The international community watches with despair as our economy is run aground and our ship of state totters at the edge of dissolution. We have become like ships that pass each other at night. We who have lived and intermarried with Fulanis for centuries are being taught that we are now enemies who must slay one another at the slightest opportunity. A new gospel of hatred is being propagated in subtle and insidious ways through the privatisation and tribalisation of government and its institutions. Nigerians have become strangers and spectators in their own country.
It is for all the above reasons that I stand before you today. And I am compelled to say, echoing the Scottish divine, John Knox: Lord, give me Nigeria or I die!
Albert Einstein famously declared that “God does not play dice with the universe”. The Creator did not put our 200 ethnic communities together by mistake. He is doing a thought experiment to find out how ingenious we could be in creating a great melody out of our gaggle of tribes, some of them as ancient as the Egypt of the Pharaohs.
I have travelled the world in the course of a rewarding international career. No corner of the world makes my heart leap with greater joy like the immortal hills, rocks and springs of our green and pleasant land. Nowhere else does the sun shine for me with greater luminosity. We are blessed beyond our wildest imagination; endowed with all the natural resources to make us a great and prosperous nation. What has been lacking is leadership and purpose.
Now is the time for a new generation to wrestle the mantle of power from bigoted, ignorant, unenlightened and incompetent leaders.
Now is the time to take our country back.
Now is the time to keep hope alive.
We must muster a new coalition of patriots who believe in a truly united Nigeria; in our manifest destiny as one of the leading nations of the twenty-first century. We were meant to be a city on a hill; a light unto the nations.
Our vision is that of a New Nigeria in which natural resources are harnessed for the benefit of all our people. We believe in nation building. We will give priority to confronting headlong the demons of violence and insecurity. We will also focus on building a world-class infrastructures base. We shall launch a new industrial revolution that create jobs and expand the possibility frontiers of welfare and prosperity.
We shall also launch a national dialogue on restructuring and political development. We aim to build a fair and more inclusive Nigeria where all the people are happy – where men and women are equal in law and in fact — where all citizens fully participate in the decisions that shape their lives and the future of their children.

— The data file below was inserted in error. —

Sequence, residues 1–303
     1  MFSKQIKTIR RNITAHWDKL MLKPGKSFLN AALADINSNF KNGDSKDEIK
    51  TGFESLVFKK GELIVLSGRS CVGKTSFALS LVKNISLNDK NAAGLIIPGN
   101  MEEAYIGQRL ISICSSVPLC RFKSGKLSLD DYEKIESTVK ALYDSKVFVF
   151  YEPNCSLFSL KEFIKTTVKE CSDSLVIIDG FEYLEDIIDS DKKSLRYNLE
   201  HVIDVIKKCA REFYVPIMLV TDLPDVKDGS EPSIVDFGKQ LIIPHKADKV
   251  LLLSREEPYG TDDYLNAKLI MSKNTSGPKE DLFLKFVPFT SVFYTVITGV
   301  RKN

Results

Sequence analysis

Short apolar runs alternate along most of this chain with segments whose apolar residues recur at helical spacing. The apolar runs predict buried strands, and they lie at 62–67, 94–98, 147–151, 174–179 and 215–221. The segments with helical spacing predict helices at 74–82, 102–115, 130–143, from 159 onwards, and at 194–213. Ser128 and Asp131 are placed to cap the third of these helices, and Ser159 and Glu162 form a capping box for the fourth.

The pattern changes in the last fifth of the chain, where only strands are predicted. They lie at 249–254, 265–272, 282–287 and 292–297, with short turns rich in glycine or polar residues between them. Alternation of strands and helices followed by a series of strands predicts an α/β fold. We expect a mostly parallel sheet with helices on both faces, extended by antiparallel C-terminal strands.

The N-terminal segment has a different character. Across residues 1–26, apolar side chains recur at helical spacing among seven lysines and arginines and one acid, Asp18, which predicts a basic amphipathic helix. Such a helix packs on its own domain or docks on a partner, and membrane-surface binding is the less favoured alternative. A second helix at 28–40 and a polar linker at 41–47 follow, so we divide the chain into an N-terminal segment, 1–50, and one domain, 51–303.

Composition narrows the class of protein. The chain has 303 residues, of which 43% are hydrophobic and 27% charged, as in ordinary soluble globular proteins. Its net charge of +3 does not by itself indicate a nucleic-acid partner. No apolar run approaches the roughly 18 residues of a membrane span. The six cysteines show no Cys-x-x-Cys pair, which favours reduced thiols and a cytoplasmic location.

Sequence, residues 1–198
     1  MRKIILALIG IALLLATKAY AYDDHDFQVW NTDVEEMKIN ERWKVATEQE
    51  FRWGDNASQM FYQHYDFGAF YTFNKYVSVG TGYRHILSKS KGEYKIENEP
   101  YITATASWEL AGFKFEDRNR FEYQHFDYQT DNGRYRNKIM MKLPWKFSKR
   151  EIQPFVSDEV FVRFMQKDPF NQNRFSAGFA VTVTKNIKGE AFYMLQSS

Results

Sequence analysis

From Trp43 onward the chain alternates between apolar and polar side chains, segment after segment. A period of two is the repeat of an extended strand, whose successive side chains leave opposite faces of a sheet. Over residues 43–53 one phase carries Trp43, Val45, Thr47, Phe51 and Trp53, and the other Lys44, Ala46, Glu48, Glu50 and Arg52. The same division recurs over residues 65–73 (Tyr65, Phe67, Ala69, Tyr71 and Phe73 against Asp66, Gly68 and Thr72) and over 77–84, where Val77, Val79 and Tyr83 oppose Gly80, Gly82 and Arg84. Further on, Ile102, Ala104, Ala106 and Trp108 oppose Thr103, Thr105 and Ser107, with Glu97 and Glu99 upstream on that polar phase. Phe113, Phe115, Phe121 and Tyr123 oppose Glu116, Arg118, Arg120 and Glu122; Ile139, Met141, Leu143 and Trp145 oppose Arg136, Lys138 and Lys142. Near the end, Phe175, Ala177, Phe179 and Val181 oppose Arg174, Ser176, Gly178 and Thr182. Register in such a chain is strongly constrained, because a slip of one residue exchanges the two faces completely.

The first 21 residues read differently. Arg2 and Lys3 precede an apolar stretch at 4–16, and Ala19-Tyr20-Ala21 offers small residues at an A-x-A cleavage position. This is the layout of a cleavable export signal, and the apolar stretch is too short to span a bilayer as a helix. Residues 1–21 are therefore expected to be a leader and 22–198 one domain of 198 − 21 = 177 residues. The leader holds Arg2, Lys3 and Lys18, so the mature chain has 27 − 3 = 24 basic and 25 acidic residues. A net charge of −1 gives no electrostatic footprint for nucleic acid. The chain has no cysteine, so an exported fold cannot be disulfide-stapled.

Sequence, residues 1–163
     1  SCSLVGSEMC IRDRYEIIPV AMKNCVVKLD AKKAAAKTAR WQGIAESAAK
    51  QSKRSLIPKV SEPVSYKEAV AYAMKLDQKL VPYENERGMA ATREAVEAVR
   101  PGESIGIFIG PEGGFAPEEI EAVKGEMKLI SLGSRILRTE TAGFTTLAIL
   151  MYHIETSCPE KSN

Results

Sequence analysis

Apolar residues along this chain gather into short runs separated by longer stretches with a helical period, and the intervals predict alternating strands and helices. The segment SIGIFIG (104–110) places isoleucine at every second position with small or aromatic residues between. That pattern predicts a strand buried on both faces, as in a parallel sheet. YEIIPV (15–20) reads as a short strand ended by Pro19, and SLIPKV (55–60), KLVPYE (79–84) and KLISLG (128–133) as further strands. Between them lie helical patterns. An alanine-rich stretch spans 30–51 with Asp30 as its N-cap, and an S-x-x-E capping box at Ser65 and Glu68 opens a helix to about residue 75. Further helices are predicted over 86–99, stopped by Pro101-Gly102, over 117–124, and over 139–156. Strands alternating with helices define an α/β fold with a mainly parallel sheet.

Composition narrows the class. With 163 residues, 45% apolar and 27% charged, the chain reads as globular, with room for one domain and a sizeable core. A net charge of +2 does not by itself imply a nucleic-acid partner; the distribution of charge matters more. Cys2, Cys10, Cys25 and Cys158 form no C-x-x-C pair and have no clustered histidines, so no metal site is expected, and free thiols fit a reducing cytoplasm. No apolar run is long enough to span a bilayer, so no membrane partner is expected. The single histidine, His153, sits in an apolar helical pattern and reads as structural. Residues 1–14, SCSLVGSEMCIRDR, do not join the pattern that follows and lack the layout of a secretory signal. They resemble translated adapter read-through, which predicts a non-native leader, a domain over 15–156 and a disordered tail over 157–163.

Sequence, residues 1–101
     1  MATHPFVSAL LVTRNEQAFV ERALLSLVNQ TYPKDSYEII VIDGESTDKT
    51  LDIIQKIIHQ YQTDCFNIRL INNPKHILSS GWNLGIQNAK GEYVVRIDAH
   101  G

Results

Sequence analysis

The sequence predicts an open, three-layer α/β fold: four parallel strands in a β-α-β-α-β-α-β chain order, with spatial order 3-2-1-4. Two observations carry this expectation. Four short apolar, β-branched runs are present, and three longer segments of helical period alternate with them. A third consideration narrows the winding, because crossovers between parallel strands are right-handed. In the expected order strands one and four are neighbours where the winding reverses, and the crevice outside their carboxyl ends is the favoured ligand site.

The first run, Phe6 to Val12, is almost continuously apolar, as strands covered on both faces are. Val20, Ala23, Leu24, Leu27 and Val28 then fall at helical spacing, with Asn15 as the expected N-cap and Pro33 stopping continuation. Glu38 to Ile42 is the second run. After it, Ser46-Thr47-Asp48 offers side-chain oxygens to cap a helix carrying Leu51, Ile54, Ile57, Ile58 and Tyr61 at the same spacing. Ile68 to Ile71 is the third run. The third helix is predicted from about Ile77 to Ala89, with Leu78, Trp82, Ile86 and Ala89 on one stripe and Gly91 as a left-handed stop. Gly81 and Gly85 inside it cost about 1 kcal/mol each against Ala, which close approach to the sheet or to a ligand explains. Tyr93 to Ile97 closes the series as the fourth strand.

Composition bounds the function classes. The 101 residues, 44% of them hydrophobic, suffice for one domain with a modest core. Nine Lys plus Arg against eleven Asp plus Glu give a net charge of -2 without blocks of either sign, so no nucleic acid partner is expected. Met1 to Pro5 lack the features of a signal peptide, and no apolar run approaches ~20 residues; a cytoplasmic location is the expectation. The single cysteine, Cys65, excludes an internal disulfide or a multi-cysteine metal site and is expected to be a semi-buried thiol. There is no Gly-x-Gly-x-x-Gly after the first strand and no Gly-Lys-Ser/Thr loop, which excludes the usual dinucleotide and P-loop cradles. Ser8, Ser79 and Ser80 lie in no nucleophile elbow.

I believe in the rule of law and I am committed to social justice and the emancipation of the poor. I believe in education; in the creation of an enabling environment where talent thrives. Our young people have excelled in the great Ivy League institutions of North America and elsewhere. When brilliant people are ruled by lesser minds it makes a mockery of our immense potentials and promise. The Greek philosopher Plato famously noted, and I quote: “One of the penalties for refusing to participate in politics is that you end up being governed by your inferiors. This syndrome is buttressed by the moneybags that serve as gatekeepers in our political arena; men who glorify inferior minds in the hope that they can control them and bend them to their own will. It is a system guaranteed to reproduce mediocrity as our dominant collective mindset.
Some of us are proud of the fact that we have not defrauded the state. We have not stashed away stolen funds with which to launch a lavish political campaign. But we put our trust in the goodwill and indomitable spirit of the Nigerian people. Barrack Obama had no money and no political godfathers when he was elected president of United States. Emmanuel Macron came from nowhere to ascend the high magistracy of the French Republic. We will need volunteers among our youths. We cherish the support of all those who share our ideals of a New Nigeria. We could sit here and grumble for a thousand years. Nothing will change. One of Isaac Newton’s laws of motion states that a body continues in a state of motion until an equal and opposite force compels it to change direction. We have what it takes to make Nigeria great.
I have carefully weighed the risks. I am ready and willing and prepared. We are going into the arena to face monstrous giants. But we know that they are giants with feet of clay – paper tigers. As a great American statesman once said, what we have to fear is fear itself. We stake our ultimate claim not in the moral superiority of our position, assured though it is; but in our faith in the resilience and indomitable spirit of our great Nigerian people.
To the youth, I say: Arise and Shine! Arise and take your country back! It is time for us to rise up in righteous anger. I appeal in particular to our women to rise up and be counted. In the words of the poetess Nana Asmau, daughter of the Caliph Usman Dan Fodio: “Muslim women, do not listen to the speeches of those who are misguided…They deceive you when they preach obedience … without telling you of the obedience which is primarily due to Allah and his Prophet.”
In the words of a medieval Jewish sage, Rabbi Hillel: “If not me, who? And if not now, when?”
- Being a Statement by Dr. Obadiah Mailafia on the occasion of his declaration of intent to contest for the presidency of Nigeria under the platform of the African Democratic Congress, ADC, in Abuja, Thursday 20th September, 2018
Big Read |